It was a brilliant win for England against Bangladesh as they responded after their World Cup defeat to Pakistan with an emphatic 106-run victory.

Bangladesh are a good side, so any win against them is a good win. They have some world-class players.

The way Jason Roy and Jonny Bairstow started our innings was phenomenal, wasn’t it?

When Roy first came into England’s team, he was in his element, playing one-day cricket. He was changing games because his strike-rate was around the 150 mark and, sometimes, it was even upwards of that.

But what the 28-year-old can do now is build an innings. He has matured.

He has learnt when to take the low-risk option against certain bowlers at the right times. He knows, sometimes, he is better off going for low-risk fours, rather than trying to hit high-risk sixes, as well as when he needs to settle in and simply take the odd ones or twos which he did superbly on his way to 153 at the Cardiff Wales Stadium.

That comes from consistently playing on good pitches, like he does at The Oval, which gives him great confidence. He seems to have realised as a top-order batsman that 50-over cricket provides him with a great platform to get big scores.

If he can get through the fielding restrictions in the first 15 overs, then there are plenty of opportunities and gaps, with the fielders out. Then, if he needs to, he can go hard again in the last 15 overs.

After last Monday’s 14-run defeat against Pakistan, it was pleasing to see England bounce back.

It was important that we didn’t get too down after that loss. We learnt from it, we parked it and we have now moved on.

What pleased me the most about England’s win over the Tigers was, while we have a pretty settled side and everyone seems to have role clarity within the team, it was still pleasing to see Jos Buttler go up the batting order because of the situation in the match.

I think that shows real confidence in the team to be able to do that.

Next up for England is a trip to the Hampshire Bowl to take on the West Indies tomorrow.

The West Indians seem to have real pace and bounce in their bowling attack. Last Thursday, they took on Australia at their own game, focusing on short-pitched bowling which the likes of Mitchell Johnson and Brett Lee have done for Australia in the past, and ended up only losing by 15 runs.

With the likes of Oshane Thomas and Sheldon Cottrell in their attack, the West Indies know they have some real firepower. Andre Russell can leak runs but, generally, he takes wicket.

Captain Jason Holder has played in England now at Northants, and he is a real class act, both on and off the field. So, you have to be able to handle the short ball well to stand a chance against the West Indies.

I think we have the players who are capable of doing that, but you do need to play the short ball well against them.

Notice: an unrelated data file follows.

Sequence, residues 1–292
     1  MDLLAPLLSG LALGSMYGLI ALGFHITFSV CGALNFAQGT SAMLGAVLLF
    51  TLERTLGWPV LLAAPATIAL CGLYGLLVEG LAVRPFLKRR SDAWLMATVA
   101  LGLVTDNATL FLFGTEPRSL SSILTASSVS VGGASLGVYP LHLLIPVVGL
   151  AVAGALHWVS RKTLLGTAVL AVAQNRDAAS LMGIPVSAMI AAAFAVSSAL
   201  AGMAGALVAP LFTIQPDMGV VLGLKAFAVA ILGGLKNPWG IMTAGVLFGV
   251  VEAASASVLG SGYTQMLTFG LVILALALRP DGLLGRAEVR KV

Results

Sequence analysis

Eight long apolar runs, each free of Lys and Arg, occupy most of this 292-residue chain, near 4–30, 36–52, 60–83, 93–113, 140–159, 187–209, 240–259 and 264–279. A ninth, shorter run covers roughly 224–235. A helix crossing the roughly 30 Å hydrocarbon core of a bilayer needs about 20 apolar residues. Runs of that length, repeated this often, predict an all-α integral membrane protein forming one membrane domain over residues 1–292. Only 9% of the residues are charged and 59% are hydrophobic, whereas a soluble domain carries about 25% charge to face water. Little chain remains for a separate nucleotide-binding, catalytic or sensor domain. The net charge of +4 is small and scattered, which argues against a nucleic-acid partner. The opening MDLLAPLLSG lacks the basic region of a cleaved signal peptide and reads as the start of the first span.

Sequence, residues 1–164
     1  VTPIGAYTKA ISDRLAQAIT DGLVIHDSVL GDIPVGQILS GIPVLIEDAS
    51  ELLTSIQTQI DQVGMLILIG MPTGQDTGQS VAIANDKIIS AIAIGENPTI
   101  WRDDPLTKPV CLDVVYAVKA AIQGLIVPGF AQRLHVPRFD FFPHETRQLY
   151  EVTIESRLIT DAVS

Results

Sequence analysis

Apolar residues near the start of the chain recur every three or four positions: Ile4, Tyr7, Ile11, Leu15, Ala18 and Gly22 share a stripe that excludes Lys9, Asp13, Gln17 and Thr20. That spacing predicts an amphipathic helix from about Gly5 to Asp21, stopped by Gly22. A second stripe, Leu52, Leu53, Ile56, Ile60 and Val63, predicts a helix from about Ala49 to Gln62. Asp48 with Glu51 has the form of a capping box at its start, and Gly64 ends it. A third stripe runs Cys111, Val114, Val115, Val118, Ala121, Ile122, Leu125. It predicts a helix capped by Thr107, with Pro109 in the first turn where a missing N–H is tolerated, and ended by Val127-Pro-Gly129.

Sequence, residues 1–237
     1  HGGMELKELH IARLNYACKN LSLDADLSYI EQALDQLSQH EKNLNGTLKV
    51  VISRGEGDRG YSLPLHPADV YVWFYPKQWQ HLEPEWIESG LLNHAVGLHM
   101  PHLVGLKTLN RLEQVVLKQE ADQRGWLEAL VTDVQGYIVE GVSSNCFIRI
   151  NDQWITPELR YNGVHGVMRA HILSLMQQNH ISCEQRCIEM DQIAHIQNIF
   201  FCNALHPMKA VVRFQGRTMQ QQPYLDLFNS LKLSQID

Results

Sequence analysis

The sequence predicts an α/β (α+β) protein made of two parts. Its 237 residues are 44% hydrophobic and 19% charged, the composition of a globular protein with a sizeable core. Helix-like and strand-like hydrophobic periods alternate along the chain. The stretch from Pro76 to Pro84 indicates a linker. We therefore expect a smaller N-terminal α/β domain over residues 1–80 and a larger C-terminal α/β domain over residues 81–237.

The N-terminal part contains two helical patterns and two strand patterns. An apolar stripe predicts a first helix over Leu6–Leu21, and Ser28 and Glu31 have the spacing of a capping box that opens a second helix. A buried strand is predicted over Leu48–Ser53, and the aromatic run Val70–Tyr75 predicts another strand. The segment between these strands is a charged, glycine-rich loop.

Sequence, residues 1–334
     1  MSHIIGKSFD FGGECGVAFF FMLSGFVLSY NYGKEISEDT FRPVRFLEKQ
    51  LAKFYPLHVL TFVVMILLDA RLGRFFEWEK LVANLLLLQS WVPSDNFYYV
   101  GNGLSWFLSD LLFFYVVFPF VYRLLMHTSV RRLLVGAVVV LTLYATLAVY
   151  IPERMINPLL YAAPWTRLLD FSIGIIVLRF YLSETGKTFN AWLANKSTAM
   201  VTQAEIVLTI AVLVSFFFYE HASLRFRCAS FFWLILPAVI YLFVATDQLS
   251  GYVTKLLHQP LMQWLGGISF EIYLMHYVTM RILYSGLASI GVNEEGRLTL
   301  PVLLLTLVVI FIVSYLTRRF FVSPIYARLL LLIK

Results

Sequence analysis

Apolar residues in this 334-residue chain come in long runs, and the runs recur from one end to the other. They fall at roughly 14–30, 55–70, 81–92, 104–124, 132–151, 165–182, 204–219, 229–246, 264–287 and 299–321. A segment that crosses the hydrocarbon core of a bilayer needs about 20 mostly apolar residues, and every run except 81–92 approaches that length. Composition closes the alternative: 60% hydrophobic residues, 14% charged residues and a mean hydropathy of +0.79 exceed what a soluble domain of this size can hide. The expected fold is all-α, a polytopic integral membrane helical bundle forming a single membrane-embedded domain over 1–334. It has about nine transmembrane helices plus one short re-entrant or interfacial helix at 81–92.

It has been great to see West Indian bowlers hurrying batsman again. It’s been West Indian cricket from years ago, which is brilliant and exciting to watch.

Meanwhile, at the top of their batting line-up, the Windies have Chris Gayle. He is world-class.

His record in all formats is phenomenal. If he faces 40 balls, then England are in trouble. But if you can get him out inside the first 30 balls, then that’s a big boost.

There are a lot of players whose strike-rate can be around the 100 mark, but what wins matches is guys who can strike at 150 or 200. Players such as Roy, Buttler, England captain Eoin Morgan and Gayle are all capable of doing that.

That’s what hurts you and takes games away from sides.

Gayle, who I have worked with when coaching in the Caribbean Premier League, has been the best in the world at the top of an international batting order for more than a decade. But he is 39 now, so he is getting older, he is getting more and more fearful of the short ball in my opinion, and he is starting to come to the end of his career.

But if you bowl poorly to him, he will still hurt you.

For Jofra Archer, it will also be an interesting test as he comes up against the country of his birth. But he has played against good players in county cricket.

I think it won’t faze him. He knows he is in total control of his game and he knows he has the pace to scare any batsman.

He is a very special young man because he has the gift of being able to bowl fast, with a fantastic bouncer that the batsman can’t see because there are no cues for the batsman on when he is going to bowl it.

That makes him deadly.

South African all-rounder Shaun Pollock had the same skill - you couldn’t pick his bouncer from any other delivery. His stride pattern was the same, his delivery was the same and he didn’t put in any extra effort, which makes a big difference.

That is what gets good players out.